Ruling With Reason, Not Ideology

Mark Laluan

As we await the full details of Governor Jerry Brown’s May Revised Budget, public mood among Californians has made the transition from tepid support to full-blown apathy.

The only individuals who care about the details of what will be in Brown’s “all cuts” budget are those with their proverbial fingers in the proverbial honey pot. The rest of the state could care less about “preserving dedicated funding for penitentiaries,” “educational master plans,” “state worker pension reform” and the ever-growing mass of golden calves to which the politicos point to as being beyond alteration.

Those of us not working at 10th and L Street have grown disillusioned with the inability of state government in paying down the crushing financial burdens that have stymied economic growth for the past decade.

Democrats have remained unable to govern in spite of having a majority in both houses of the State Legislature, control of the Executive and the passage of favorable propositions that have whittled down the ability of the minority to block majority legislation. The ruling majority continues to expand money on pork barrel projects rather than craft a sustainable program to pay down California’s debts.

Republicans have grown complacent during this their time in the political wilderness. Instead of presenting policies that recognize the regrettable dependence of so many sectors of Californians on our social safety net, the only solution Republicans have given to paying down the deficit is to slash the safety net and endanger California’s remaining sources of state revenue by lower taxes.

Such a state of affairs has come about because both Democrats and Republicans have increasingly relied on their polarized political bases to gauge the pulse of the people. These diehard Republicans and Democrats are in many respects more fanatical than their elected representatives or the rest of the state.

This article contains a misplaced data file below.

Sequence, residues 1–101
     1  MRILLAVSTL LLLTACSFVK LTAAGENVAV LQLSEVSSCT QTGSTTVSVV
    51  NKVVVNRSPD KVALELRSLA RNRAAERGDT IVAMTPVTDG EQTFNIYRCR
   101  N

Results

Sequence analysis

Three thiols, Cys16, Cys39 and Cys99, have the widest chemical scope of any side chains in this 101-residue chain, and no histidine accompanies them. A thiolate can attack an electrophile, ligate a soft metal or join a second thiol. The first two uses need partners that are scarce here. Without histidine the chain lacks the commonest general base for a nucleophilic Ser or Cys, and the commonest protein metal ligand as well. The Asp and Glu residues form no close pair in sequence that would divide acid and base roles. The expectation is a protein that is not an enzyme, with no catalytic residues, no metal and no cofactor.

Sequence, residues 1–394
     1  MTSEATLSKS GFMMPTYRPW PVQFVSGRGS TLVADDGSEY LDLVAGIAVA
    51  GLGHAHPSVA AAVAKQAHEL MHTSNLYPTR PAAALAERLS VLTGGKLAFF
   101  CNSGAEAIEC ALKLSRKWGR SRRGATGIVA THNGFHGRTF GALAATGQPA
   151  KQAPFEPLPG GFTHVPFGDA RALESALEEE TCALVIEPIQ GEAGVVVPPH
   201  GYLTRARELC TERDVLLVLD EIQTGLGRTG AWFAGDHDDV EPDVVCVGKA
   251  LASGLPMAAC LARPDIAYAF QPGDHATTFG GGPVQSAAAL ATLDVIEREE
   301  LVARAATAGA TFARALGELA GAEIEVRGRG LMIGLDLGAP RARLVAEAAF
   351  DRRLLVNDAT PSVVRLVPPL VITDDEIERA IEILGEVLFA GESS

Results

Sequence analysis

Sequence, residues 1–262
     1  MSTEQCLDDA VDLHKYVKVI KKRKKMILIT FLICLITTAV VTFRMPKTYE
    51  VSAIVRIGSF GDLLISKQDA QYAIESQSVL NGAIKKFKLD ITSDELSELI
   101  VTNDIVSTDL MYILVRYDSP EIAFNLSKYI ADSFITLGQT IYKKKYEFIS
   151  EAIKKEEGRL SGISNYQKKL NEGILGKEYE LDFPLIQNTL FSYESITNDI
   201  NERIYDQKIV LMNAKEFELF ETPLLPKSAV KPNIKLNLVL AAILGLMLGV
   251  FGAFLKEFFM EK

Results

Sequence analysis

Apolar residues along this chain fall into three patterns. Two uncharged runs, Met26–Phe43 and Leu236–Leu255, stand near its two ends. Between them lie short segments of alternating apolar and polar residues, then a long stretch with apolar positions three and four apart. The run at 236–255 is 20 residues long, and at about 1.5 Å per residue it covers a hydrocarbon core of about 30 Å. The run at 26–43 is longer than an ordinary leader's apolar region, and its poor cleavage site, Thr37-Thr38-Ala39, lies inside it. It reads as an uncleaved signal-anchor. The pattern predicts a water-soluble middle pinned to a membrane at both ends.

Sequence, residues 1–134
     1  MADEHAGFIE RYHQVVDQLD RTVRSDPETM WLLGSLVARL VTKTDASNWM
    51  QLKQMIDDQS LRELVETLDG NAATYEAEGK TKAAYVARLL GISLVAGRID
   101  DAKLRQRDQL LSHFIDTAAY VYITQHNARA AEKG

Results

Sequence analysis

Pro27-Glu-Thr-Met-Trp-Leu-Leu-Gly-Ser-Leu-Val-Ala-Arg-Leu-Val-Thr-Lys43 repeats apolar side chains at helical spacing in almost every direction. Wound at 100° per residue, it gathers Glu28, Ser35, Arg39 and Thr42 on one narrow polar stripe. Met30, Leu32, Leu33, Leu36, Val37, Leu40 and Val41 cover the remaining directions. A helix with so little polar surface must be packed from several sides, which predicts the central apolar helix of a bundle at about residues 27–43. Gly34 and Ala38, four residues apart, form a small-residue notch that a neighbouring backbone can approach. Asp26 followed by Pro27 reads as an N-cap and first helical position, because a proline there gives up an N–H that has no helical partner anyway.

Unfortunately, the politicians continue to pander to groups who demand what is irrational in the face of financial realities. Brown especially has let down the hopes of the silent majority of Californians in failing to use his considerable clout to bypass the extremes on both sides of the political spectrum.

We believe—as do a silent majority of Californians—that the only way this state can be restored to full financial health is to raise taxes to pay down the deficit and reduce spending across the board for all state-funded programs.

Both state revenues and expenditures must be brought back into sustainable levels. A bevy of emergency levies on the rich to pay for our welfare state, our prisons and public higher education cannot provide even a temporary respite from our state’s voracious need for more revenues.

Neither can the destruction of the social safety net in an attempt to reduce state expenditures replace the need for increased revenue through taxation. The welfare state does more than support a class of “useless, talentless, irresponsible, blood-sucking bastards” as some would have us believe, cuts to these programs during a time of economic hardship stab sharply at the ability of the rank-and-file of our workforce to survive.

Our political leaders need to move beyond the limitations of ideology and accept the notion that just as individuals and families must live within their means, the government must live within its means.